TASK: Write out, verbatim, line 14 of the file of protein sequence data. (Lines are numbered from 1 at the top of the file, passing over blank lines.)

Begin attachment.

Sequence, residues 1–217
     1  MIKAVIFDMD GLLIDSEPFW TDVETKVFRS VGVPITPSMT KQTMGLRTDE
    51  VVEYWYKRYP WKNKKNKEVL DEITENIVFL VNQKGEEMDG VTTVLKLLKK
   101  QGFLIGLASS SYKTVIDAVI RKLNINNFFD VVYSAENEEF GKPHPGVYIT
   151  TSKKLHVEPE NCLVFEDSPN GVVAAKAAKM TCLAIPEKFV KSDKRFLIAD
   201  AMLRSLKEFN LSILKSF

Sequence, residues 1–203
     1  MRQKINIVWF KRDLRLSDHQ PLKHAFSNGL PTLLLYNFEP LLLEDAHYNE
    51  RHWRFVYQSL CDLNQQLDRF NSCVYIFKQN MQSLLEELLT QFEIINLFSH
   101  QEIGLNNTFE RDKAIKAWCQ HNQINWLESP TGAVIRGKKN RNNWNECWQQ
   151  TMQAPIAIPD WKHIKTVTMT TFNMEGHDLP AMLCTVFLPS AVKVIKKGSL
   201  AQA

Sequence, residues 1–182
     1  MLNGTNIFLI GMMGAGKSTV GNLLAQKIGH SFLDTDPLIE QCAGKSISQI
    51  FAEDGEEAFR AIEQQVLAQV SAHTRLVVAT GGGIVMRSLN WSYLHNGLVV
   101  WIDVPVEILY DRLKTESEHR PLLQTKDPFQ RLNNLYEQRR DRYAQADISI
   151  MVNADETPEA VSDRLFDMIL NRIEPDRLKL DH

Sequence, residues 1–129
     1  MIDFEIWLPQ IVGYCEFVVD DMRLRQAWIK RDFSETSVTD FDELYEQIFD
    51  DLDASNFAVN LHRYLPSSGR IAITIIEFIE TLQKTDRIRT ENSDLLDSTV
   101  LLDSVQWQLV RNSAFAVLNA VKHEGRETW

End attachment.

     1  MLNGTNIFLI GMMGAGKSTV GNLLAQKIGH SFLDTDPLIE QCAGKSISQI